These are the prettiest, most tourist-friendly, all-around best places in Africa that are ideal for first-time visitors to the continent
As the second largest continent by both area and population, Africa is certainly worth experiencing. It’s a place abundant in incredible hiking opportunities, Unesco World Heritage Sites, and cities where there’s so much going on, you won’t know where to look first. If you’re planning your first trip to Africa, you might find the number of options daunting, so we’ve lined up our five best countries — and specific places of interest — that you should visit. They’re all tourist-friendly, safe, and seriously stunning.
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Rwanda is a small landlocked country in the middle of Africa. For the last 25 years or so, it’s worked hard to reinvent itself as a modern, thriving society. Its geographical and political center, Kigali, has spotless streets and a low crime rate. It’s no longer a place you drowsily pass through on your way to the safari or a national park; it’s a capital that boasts a vibrant restaurant, café and nightlife scene, galleries and sports events, and its own little quirky “craft village” called Caplaki. You might well feel right at home quicker than you thought you would.
Outside of the capital, Volcanoes National Park is one of the places that attract the most tourists, becoming the first national park in Africa in 1925. It’s a large area of preserved wilderness, home to mountain gorillas and golden monkeys — two primates that it strives to protect. On this note, Dian Fossey, who dedicated her life to saving gorillas from extinction, has her resting place in the Park. Her life was later documented in the 1988 feature film Gorillas in the Mist, which was nominated for and won a number of awards.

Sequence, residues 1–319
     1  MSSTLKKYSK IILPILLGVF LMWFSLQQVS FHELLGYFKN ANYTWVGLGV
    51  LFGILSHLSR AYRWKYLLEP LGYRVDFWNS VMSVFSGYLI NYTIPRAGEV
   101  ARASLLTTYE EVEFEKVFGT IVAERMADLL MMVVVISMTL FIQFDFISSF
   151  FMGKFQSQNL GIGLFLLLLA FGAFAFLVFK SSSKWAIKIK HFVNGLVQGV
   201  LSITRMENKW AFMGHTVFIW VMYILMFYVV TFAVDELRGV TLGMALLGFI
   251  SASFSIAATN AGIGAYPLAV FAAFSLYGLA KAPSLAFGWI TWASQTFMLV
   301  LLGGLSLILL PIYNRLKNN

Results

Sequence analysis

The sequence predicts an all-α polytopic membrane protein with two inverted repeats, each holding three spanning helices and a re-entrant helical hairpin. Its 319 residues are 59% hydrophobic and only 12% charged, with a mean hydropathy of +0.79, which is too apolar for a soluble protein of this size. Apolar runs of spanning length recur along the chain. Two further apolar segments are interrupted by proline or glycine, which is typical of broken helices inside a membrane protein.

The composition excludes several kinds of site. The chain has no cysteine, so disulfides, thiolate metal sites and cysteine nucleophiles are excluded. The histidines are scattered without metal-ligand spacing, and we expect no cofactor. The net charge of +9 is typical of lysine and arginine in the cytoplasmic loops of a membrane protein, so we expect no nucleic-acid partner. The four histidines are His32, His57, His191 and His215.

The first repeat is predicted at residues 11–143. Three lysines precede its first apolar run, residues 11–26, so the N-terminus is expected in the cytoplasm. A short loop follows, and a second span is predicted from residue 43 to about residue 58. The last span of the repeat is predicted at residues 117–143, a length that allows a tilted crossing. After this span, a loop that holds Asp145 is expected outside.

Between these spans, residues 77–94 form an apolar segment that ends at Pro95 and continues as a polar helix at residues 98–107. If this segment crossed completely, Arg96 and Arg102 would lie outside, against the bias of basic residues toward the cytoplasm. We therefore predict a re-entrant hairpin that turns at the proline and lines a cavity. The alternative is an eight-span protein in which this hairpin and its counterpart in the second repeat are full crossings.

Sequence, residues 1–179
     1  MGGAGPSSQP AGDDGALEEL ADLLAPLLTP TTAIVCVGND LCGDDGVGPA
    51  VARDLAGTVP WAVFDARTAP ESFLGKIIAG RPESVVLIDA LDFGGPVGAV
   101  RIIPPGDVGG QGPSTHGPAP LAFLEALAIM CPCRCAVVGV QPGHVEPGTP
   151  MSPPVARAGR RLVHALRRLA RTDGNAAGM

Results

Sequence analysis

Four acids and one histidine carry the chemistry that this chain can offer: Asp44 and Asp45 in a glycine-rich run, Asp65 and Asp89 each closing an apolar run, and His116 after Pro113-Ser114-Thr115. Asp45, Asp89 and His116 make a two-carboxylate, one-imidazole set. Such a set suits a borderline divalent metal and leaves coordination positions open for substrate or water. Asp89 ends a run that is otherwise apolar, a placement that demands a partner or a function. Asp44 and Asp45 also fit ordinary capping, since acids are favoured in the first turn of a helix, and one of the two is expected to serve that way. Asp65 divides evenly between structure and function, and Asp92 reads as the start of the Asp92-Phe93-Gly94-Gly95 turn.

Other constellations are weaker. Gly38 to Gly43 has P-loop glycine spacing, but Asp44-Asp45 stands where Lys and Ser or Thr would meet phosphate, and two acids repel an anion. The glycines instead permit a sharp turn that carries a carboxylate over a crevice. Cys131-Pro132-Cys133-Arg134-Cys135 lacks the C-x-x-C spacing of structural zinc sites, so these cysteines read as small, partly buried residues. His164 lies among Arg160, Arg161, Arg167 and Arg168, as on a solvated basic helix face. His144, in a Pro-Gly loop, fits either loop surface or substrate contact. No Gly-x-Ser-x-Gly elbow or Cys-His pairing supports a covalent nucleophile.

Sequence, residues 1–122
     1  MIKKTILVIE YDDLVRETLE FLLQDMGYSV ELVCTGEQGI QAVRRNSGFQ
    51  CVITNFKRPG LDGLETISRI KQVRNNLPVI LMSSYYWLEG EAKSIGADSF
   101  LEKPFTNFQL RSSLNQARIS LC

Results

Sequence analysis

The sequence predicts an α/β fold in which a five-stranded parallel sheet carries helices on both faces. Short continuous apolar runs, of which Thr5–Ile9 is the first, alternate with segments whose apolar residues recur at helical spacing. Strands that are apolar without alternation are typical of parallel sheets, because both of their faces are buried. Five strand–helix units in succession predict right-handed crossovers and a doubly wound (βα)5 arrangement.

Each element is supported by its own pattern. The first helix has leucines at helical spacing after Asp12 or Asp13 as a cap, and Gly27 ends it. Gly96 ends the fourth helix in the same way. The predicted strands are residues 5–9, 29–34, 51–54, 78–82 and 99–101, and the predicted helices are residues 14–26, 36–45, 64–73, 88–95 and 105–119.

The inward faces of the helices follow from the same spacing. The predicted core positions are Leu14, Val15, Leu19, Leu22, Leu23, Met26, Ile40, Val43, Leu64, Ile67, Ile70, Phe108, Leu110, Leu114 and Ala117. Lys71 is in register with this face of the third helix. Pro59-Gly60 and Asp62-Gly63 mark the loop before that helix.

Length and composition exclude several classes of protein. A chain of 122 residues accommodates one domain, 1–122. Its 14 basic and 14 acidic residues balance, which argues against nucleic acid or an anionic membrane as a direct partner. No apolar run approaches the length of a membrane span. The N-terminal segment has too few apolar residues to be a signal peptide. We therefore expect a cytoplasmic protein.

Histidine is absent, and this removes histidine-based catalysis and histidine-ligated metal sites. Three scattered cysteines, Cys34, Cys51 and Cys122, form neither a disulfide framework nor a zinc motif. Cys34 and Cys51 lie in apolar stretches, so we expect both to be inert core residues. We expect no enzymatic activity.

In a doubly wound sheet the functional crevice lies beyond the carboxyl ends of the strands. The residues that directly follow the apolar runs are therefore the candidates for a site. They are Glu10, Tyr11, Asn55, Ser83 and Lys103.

The Park is also great for trekking and hiking. Mount Karisimbi is an inactive volcano on the border with the Democratic Republic of Congo and, at 4,507 meters, is also the highest peak in Rwanda. A little further south of Karisimbi lies Lake Kivu, the largest lake in Rwanda, with its emerald green waters and views of the surrounding mountains.
By African standards, Ghana is a relatively small country by area. Yet, it’s a notable nation for its economic stability and considerable biodiversity, and it’s a safe place in which to experience authentic Sub-Saharan Africa for the first time.
European influence has contributed to Ghana’s rich history; for example, it’s the reason there are several forts and castles here, mostly dotted along the coast of the Gulf of Guinea. The Cape Coast and Elmina Castles are perhaps the most famous. Since its foundation in 1482, Elmina Castle stands as a major landmark, roughly in the middle of the country’s coastline. Throughout the centuries, it’s seen a lot — it was constructed as a trading post and later became an important place for the slave trade.
Heading inland just a touch, you’ll come across Kakum National Park. It’s an area of tropical rainforest, home to numerous species of animals. In 1931, it became a reserve, before being upgraded to national-park status in 1992. Aside from its very obvious natural beauty, Kakum offers a 350-meter-long canopy walkway — the grandest entrance into the forest for sure. It’s one of only three canopy bridges in the whole of Africa.
A little further up lies the town of Kumasi and its Kejetia Central Market. With an incredible total of 11,000 stalls and stores, it’s the largest open-air market in West Africa, selling everything from kente cloths to jewelry to food. With a bit of luck, you’ll come across fufu, sticky dumplings; and waakye, a traditional dish made from rice and beans.